Transitioning to a New “Home”
For many, the end of the semester signals a long, sigh of relief. Finally— the end of exams, the end of studying, the end of your exhausting internship.
But for some of you, the end of this semester will be a significant transition. It may mean leaving the campus, city, or even the country that you’ve begun to call home. It may mean returning to your country of origin or starting over in another new place. It may mean saying goodbye to loved ones as you close out a chapter of your life.
Whatever your situation, transition can be challenging. I hope we can help you prepare for it.
The late Dr. David C. Pollock researched and wrote extensively on cross-cultural transition. One of his transition strategies is something he called “Building a RAFT”. Here’s an overview of the first half of the RAFT transition process and how you may be able to use it. We will look at the second half next week.
Reconciliation is repairing or restoring damaged or strained relationships.
Are there broken relationships in your life with someone from your time here in the States?
Even as we move on to a new place and develop new relationships, the ones from the past continue to affect us–for better or for worse! It is healthy and wise to mend these relationships while we have a chance. Unresolved anger or shame caused by another person acts like a poison, making us bitter over time. Your transition will be much smoother and healthier if you try to resolve and reconcile now.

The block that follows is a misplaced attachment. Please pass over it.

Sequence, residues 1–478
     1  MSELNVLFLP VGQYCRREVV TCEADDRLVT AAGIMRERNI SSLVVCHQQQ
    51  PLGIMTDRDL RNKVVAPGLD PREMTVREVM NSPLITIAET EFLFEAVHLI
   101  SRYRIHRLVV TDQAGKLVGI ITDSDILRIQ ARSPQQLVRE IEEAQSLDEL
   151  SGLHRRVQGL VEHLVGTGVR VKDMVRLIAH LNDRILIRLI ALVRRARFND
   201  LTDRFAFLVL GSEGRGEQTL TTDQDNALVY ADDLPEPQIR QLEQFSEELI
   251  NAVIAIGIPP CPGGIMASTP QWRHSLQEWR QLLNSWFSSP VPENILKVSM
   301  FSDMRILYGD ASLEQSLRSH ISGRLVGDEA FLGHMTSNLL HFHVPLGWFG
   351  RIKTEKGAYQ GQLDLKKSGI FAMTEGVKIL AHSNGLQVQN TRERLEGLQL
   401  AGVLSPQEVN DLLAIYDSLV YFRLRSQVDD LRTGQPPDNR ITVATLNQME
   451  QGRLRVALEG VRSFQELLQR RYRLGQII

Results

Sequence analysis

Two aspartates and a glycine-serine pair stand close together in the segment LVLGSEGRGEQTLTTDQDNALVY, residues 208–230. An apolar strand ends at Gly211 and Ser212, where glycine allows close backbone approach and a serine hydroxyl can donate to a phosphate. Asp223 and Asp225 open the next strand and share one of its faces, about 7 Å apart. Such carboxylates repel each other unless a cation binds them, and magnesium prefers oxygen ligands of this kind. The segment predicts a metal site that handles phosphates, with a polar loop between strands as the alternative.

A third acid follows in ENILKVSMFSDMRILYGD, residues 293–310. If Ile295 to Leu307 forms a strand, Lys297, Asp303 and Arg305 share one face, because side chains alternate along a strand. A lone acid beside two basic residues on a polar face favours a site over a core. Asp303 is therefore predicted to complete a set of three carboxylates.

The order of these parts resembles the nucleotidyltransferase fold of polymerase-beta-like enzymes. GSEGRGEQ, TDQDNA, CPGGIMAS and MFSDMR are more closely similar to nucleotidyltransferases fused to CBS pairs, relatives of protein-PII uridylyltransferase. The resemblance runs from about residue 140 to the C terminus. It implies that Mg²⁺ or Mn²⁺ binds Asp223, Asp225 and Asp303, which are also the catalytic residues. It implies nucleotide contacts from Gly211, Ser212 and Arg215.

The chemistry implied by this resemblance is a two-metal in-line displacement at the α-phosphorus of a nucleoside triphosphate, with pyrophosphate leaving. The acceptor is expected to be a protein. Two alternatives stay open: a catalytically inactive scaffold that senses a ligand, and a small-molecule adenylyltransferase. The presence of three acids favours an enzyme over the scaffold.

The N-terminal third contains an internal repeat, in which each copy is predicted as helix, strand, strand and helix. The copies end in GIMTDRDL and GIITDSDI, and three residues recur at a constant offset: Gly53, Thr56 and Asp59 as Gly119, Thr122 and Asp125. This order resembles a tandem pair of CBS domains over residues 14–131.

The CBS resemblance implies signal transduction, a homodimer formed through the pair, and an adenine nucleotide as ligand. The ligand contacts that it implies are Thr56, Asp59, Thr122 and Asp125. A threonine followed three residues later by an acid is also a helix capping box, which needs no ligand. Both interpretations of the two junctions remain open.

Your role in seeking reconciliation in a broken relationship might be one of two positions: asking for someone’s forgiveness or extending forgiveness to someone who has hurt you. Either way, pursuing reconciliation means approaching the person with humility.
In the Bible, it says, “Bear with each other and forgive one another if any of you has a grievance against someone. Forgive as the Lord forgave you.” This teaches us that it is important to forgive others and to ask for forgiveness because God forgave us.
Is there someone with whom you need to seek reconciliation? Is tension between you and your roommate or a classmate that you need to forgive? What can you do to try to restore the relationship?
Affirmation is another way of saying “encouragement”.
Who had an impact on you or been your closest or most reliable friend? Who are the people in your life that you are most thankful for? Before you say goodbye to them, take the time to tell them why you are thankful for them! You can write a letter, tell them in person, or even send them a gift and include a meaningful note.
This step of the RAFT may seem like it’s solely for the benefit of the person or people you are affirming. And it’s true people like to know that they are appreciated! But taking the time to affirm those you love (and will soon be saying goodbye to) is an important step for you, too! It will strengthen your relationships and help you transition with a heart of gratefulness rather than a heart of sadness.
Take some time to think about who you want to affirm, and let them know why you appreciate them.
Check out next week’s blog post for the final two steps of how to “build your RAFT”!
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